When a person dies in the state of Washington, the courts will refer to that person as the “decedent” during court probate proceedings. The decedent’s property will be divided according to the terms of their estate plan or by the state’s intestacy laws. For example, an estate plan might include legal instruments like trusts and a will.
Different types of taxes after death
One objective of an estate plan might be to minimize tax liability. If the decedent’s estate owes state or federal taxes at the time of their death, they must pay before the decedent’s heirs inherit assets. The estate files a final tax return for the decedent. Additional taxes applicable after a person’s death are estate and inheritance taxes. The exemption for federal estate taxes currently sits at $12.06 million through 2025.
Estate taxes and inheritance taxes
That means estates with values of up to $12.06 million are not liable for federal estate taxes, though state estate taxes may still apply. Washington has an estate tax, but not all states have them. Some states have inheritance taxes, which are levied on the value of the inheritance by the heir. Inheritance taxes differ from estate taxes, which revolve around the estate’s value. The majority of states impose neither inheritance nor estate taxes.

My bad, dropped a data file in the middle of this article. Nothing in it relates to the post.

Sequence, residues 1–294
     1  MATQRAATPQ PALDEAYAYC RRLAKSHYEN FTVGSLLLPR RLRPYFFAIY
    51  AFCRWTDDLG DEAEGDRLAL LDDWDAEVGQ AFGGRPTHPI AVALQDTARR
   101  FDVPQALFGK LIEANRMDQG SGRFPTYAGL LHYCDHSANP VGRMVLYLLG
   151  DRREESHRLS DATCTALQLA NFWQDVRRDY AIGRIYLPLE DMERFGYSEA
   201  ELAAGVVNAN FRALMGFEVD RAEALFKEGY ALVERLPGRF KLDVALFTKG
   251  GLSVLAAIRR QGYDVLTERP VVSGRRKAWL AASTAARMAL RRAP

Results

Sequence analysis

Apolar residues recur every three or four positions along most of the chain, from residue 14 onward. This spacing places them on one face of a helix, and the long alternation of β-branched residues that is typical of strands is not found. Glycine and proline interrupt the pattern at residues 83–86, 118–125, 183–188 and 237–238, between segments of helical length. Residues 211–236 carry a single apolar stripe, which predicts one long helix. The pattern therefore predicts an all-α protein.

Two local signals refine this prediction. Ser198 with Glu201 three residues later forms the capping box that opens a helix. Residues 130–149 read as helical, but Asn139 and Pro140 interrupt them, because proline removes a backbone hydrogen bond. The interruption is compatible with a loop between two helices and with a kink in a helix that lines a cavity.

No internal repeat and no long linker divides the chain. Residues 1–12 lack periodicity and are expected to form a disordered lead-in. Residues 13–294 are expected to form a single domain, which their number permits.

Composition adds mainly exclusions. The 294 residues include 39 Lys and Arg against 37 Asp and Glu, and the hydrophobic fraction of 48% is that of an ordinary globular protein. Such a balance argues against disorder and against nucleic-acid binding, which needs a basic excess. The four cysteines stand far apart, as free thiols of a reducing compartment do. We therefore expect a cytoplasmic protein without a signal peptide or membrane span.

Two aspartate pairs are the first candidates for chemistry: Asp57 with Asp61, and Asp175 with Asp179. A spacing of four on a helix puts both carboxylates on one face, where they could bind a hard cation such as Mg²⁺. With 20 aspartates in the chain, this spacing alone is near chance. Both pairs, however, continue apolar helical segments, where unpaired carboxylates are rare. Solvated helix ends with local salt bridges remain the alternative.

Assets in trusts and other instruments
Depending on the structure of the person’s estate plan, some assets may pass directly to beneficiaries without going through the probate process. Assets held in trust, for example, do not go through probate. Life insurance proceeds are not estate assets and pass directly to the beneficiary or beneficiaries named in the policy. Increased awareness of the operation of these different legal mechanisms can minimize tax obligations and avoid unnecessary legal proceedings.